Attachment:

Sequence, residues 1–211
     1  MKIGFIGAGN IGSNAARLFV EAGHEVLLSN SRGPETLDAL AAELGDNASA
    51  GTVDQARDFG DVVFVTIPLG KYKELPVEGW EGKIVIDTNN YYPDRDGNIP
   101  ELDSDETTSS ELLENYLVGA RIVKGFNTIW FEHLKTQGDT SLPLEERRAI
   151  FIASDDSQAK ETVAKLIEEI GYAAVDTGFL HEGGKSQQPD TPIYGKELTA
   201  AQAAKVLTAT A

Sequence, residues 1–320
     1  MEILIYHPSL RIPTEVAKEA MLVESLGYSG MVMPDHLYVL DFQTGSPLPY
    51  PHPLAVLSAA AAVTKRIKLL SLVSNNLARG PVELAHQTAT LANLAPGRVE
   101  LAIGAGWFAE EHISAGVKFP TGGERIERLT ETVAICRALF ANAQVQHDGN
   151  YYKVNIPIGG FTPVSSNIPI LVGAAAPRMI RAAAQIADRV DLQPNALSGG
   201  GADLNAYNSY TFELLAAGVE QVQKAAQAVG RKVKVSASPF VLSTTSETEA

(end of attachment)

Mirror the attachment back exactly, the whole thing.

Sequence, residues 1–211
     1  MKIGFIGAGN IGSNAARLFV EAGHEVLLSN SRGPETLDAL AAELGDNASA
    51  GTVDQARDFG DVVFVTIPLG KYKELPVEGW EGKIVIDTNN YYPDRDGNIP
   101  ELDSDETTSS ELLENYLVGA RIVKGFNTIW FEHLKTQGDT SLPLEERRAI
   151  FIASDDSQAK ETVAKLIEEI GYAAVDTGFL HEGGKSQQPD TPIYGKELTA
   201  AQAAKVLTAT A

Sequence, residues 1–320
     1  MEILIYHPSL RIPTEVAKEA MLVESLGYSG MVMPDHLYVL DFQTGSPLPY
    51  PHPLAVLSAA AAVTKRIKLL SLVSNNLARG PVELAHQTAT LANLAPGRVE
   101  LAIGAGWFAE EHISAGVKFP TGGERIERLT ETVAICRALF ANAQVQHDGN
   151  YYKVNIPIGG FTPVSSNIPI LVGAAAPRMI RAAAQIADRV DLQPNALSGG
   201  GADLNAYNSY TFELLAAGVE QVQKAAQAVG RKVKVSASPF VLSTTSETEA